Friday, September 17, 2010

Hairy Birds Eye

Alectryon tomentosum
Family: SAPINDACEAEMy little tree is going to be a mass of flowers this year.
The flowers aren’t much to look at, but there are masses of them this year, so I'm expecting a great display of fruits to come in summer.
The tree is grown from seed, and only 11 years old, so I am interested to see how quickly it has reached the fruiting stage of its life. It has produced just a little fruit for a couple of years now, but this will be its first mass display.
I am interested that it is beginning what will probably be its major annual flowering at the same time as having the last of last season’s fruit on the tree. These were produced very late. Like so many of our Australian trees, Alectryons are opportunists, likely to flower at quite different times each year according to the rainfall offered by our erratic climate. The same tree also had fruit on it last May.

I love the way the little fruits open up - the red aril swelling to burst open the seed capsule and push at the little green cap until it falls off, to reveal a beady black "eye".

For more about this plant see May 2010

Friday, September 10, 2010


Duboisia myoporoides

Here’s a little plant I found flowering at Ravensbourne last week.

Corkwoods are slender little trees, growing to about 6m tall in the rainforest. Older trees have furrowed corky bark The leaves are dull, grey-green, and these little white flowers will be followed by juicy black berries which are eaten by birds such as topknot pigeons, figbirds, and catbirds.
The tree is quite common, tending to pop up in disturbed areas on the edges of rainforests, and spreads by root suckers. I imagine it is quite fast-growing, as such pioneer species tend to be.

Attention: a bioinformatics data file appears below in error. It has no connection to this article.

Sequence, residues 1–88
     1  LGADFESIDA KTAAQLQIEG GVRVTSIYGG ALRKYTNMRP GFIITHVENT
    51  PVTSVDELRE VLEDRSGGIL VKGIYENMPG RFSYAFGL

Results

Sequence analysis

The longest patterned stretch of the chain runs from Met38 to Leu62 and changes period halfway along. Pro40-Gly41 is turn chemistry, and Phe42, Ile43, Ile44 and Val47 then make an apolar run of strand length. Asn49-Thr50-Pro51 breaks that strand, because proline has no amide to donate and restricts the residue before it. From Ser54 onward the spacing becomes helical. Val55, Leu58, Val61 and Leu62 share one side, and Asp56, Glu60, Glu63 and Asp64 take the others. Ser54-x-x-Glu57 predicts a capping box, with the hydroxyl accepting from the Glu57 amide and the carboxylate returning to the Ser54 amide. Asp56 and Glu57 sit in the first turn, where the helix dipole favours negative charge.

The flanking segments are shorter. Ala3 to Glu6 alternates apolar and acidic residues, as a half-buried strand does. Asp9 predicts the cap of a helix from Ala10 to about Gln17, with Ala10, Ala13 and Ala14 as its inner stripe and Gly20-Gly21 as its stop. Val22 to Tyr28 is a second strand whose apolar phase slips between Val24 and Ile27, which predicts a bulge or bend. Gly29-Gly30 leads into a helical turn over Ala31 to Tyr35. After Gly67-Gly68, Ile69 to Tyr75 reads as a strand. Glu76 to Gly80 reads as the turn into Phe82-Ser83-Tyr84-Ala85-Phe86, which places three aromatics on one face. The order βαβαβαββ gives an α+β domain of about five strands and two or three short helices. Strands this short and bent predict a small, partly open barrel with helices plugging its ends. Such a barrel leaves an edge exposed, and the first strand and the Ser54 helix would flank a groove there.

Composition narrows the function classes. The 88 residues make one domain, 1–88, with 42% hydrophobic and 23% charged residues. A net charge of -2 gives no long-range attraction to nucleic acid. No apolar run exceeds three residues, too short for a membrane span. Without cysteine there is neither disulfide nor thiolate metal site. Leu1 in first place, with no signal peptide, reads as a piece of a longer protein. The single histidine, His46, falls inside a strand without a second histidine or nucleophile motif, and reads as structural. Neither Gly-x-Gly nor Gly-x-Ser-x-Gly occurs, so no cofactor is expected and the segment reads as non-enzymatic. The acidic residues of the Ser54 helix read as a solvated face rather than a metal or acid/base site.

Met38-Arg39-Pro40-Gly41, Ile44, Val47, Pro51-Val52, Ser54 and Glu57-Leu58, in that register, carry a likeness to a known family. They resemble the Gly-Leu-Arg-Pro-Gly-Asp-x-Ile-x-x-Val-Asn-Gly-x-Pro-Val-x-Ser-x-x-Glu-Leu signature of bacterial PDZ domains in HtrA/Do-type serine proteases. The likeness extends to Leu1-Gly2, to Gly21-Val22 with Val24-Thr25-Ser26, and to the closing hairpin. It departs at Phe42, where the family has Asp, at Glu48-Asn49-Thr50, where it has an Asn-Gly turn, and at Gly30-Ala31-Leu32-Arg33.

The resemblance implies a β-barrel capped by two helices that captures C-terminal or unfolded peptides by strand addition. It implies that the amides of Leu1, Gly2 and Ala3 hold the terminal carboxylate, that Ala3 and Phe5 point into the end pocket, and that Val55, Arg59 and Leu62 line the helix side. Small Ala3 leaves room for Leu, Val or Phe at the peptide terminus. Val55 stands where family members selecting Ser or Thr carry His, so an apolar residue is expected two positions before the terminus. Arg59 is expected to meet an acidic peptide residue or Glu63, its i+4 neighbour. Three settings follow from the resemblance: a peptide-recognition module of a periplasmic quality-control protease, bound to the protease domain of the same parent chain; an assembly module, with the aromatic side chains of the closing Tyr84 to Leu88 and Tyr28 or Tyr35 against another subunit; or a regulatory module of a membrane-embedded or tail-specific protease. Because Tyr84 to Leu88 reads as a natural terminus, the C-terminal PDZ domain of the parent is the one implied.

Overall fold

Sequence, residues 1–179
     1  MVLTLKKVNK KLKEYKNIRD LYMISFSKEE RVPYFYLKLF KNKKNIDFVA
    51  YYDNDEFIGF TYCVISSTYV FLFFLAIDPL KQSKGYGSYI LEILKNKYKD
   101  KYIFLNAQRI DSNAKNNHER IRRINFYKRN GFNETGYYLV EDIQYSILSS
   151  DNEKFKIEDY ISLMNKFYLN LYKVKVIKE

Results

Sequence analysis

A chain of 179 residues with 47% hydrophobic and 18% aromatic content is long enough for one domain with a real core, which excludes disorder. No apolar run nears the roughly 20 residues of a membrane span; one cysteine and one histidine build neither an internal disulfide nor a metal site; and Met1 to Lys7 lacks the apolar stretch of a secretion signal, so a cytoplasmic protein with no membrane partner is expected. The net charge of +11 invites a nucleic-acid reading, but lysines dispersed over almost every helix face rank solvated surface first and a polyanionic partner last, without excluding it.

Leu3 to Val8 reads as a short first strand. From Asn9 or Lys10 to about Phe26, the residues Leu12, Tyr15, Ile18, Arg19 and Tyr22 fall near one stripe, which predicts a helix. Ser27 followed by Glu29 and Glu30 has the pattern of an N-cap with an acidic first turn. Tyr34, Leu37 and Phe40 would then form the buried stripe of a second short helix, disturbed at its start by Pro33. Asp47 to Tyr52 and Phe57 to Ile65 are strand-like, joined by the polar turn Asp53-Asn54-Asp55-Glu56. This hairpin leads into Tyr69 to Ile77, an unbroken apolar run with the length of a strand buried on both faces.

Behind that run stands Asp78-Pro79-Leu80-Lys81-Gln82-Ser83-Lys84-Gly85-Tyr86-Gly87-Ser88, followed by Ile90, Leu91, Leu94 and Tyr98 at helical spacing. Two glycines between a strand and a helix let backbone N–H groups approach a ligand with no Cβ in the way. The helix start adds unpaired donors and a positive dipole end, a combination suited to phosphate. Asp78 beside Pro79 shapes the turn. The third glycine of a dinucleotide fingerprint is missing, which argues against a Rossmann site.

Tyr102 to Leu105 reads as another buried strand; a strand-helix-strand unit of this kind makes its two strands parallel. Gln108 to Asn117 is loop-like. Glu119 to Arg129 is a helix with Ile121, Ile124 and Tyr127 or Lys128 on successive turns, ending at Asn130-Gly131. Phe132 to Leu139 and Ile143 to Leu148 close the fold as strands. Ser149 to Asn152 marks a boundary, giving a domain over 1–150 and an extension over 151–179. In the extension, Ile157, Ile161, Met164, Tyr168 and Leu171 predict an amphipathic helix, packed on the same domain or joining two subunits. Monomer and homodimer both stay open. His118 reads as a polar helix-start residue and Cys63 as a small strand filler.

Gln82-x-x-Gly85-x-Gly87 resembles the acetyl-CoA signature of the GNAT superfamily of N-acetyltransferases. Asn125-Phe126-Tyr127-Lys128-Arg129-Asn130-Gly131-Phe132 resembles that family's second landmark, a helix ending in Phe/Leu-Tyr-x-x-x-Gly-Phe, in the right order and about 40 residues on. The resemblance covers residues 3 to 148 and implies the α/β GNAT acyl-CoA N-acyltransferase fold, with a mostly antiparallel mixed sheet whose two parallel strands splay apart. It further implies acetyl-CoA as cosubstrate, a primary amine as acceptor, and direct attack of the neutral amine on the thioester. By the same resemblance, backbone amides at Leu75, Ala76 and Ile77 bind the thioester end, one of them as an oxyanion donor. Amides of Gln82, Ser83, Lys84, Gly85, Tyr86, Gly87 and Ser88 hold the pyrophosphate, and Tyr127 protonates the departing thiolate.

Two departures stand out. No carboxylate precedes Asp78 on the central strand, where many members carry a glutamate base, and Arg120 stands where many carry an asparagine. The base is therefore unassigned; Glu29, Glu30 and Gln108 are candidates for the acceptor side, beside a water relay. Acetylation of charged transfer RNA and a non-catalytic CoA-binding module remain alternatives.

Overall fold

The leaves were used as fish poison by aborigines. They are also poisonous to stock (and to people) but are valued as a commercial source of medicinal drugs. They have been used in medicines for travel sickness, and by eye specialists for dilating the pupils of the eyes, among other things. Workers handling the leaves are affected by the drug in them, which gives them a dry throat, headaches, and blurred vision, so handle this plant with caution, if at all!
A close relative of corkwoods, the western shrub Duboisia hopwoodii, is the source of the drug “pituri”, a narcotic which was widely used by aborigines before white settlement of this country. (The leaves were dried and mixed with the ash of wattle leaves, to make a mixture which was chewed.) It was regarded by them as a valuable trade item. Duboisia is related to tobacco, and the effects of pituri are apparently similar.
Don’t try chewing corkwood leaves, though. There is a real possibility of death resulting from even a small amount of it.
Although scientific study has found that populations of this plant from some areas are much less poisonous than those from others, it probably has no future as a garden ornamental!

Thursday, September 2, 2010

Evening Brown

Melanitis leda
My husband is a remarkable man. This butterfly flew across (or perhaps was blown, by the blustery August wind) in front of his car as he headed out the other morning. He stopped the car, ran into the house for his camera, headed out again, AND FOUND THE BUTTERFLY!
As those who have hunted this elusive creature know well, it is easy to see, on the wing when the bright russet of the wingtops is revealed, but can seem to disappear like magic as soon as it lands, even if you have had your eyes on it all the time.
This poor fellow was decidedly sad and battered. Below is a picture of a brand-new and beautiful one, taken a few years ago at Carnarvon Gorge.